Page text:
Seanan McGuire & Me

Seanan McGuire was one of the bubbliest, cheerfulist people I met at Worldcon.  Being a published author with fans still seems to be new and exciting for her;  she happily posed with another fans’ toy before she cuddled in for the photo with me. (No really, our heads are touching.)

Seanan is also friends with Catherynne Valente, whose books I have not yet read, but I thought she was awesome and articulate on the panels I saw her on.

Melbourne Convention Centre At Night

 The first panel I attended on Sunday morning was about the early days of fandom in Australia and New Zealand.  I had met the moderator, Chris Nelson, on Thursday.  He is doing reasearch into early fan letters to sci-fi magazines and he asked if I would read aloud a letter that an eighteen year old New Zealand girl had sent eighty years ago.  Of course I agreed! 

(It would have been unusual to be female and passionate about science fiction in the 1920’s, I wonder who she was and what happened in the rest of her life.) 

Chris was very kind, he told everyone attending the panel (about ten people) that this was my first con and gave me a 1951 copy of Startling Stories. 

Startling Stories (from 1951)

On the final night of the convention, desperate for a proper meal with vegetables and conversation (previously I had been so tired I just crashed in my hotel room in the evening), I invited Ian Tregillis and Melinda Snodgrass to join me for dinner. 

I know this has little to do with the attraction of my conversation, but I find it highly amusing that Melinda had been invited to dinner with George R R Martin (famous author) and Patrick Neilsen Hayden (famous editor) but decided in favour of a quieter meal with Ian and I.  (Melinda knows them both very well, but I still find it funny!) 

I had a wonderful Worldcon.  I’m hoping that New Zealand’s bid to hold the Worldcon in 2020 is successful so I can attend again.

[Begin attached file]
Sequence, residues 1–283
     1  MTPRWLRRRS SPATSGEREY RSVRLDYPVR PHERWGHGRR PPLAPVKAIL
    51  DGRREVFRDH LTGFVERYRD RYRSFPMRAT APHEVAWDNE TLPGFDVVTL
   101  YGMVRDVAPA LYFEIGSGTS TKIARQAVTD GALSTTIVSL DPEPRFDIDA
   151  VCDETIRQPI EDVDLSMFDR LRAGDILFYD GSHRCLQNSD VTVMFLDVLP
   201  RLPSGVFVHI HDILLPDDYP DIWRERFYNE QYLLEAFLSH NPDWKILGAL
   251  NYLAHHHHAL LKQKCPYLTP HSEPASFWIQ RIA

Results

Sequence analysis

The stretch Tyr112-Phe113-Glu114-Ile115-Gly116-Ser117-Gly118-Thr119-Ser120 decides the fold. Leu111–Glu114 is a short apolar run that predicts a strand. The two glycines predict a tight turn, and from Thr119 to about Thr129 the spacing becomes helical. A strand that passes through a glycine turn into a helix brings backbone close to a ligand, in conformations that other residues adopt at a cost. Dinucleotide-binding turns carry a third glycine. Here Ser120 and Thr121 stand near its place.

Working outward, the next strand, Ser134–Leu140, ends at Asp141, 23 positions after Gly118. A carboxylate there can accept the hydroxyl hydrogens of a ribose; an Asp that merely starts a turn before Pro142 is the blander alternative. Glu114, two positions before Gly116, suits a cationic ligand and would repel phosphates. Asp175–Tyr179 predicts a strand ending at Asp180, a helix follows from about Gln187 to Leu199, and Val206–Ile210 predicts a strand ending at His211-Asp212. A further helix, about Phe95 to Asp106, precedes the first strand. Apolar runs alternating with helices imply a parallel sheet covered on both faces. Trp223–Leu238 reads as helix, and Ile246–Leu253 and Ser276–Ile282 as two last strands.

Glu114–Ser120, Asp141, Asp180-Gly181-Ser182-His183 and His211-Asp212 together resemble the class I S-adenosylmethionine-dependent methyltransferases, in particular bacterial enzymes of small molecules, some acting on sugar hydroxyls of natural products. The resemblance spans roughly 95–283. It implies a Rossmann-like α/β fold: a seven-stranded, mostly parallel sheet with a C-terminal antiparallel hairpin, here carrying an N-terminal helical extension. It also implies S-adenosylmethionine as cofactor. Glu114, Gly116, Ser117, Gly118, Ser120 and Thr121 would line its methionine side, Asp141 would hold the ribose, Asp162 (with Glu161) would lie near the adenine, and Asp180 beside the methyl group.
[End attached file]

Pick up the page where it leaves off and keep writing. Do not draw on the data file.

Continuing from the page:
Words

A gorgeous film about words and the multiple meanings they have.

Garrett Murry, of Manical Rage, has a creative way of venting his frustation at Photoshop’s apparently frequent crashes:

Check out more of his creative complaints.

A Favourite Poem

The Tyger by William Blake

Tyger! Tyger! burning bright
In the forests of the night,
What immortal hand or eye
Could frame thy fearful symmetry?

In what distant deeps or skies
Burnt the fire of thine eyes?
On what wings dare he aspire?
What the hand dare seize the fire?

And what shoulder, & what art,
Could twist the sinews of thy heart?
And when thy heart began to beat,
What dread hand? & what dread feet?

What the hammer? what the chain?
In what furnace was thy brain?
What the anvil? what dread grasp
Dare its deadly terrors clasp?

When the stars threw down their spears,
And water’d heaven with their tears,
Did he smile his work to see?
Did he who made the Lamb make thee?

Tyger! Tyger! burning bright
In the forests of the night,
What immortal hand or eye
Dare frame thy fearful symmetry?

(I love the rhythm of the words in this poem, the way it makes the most sense when I let the words flow though me, and the beautiful, terrible images it conjures up.)

How Not To Use Powerpoint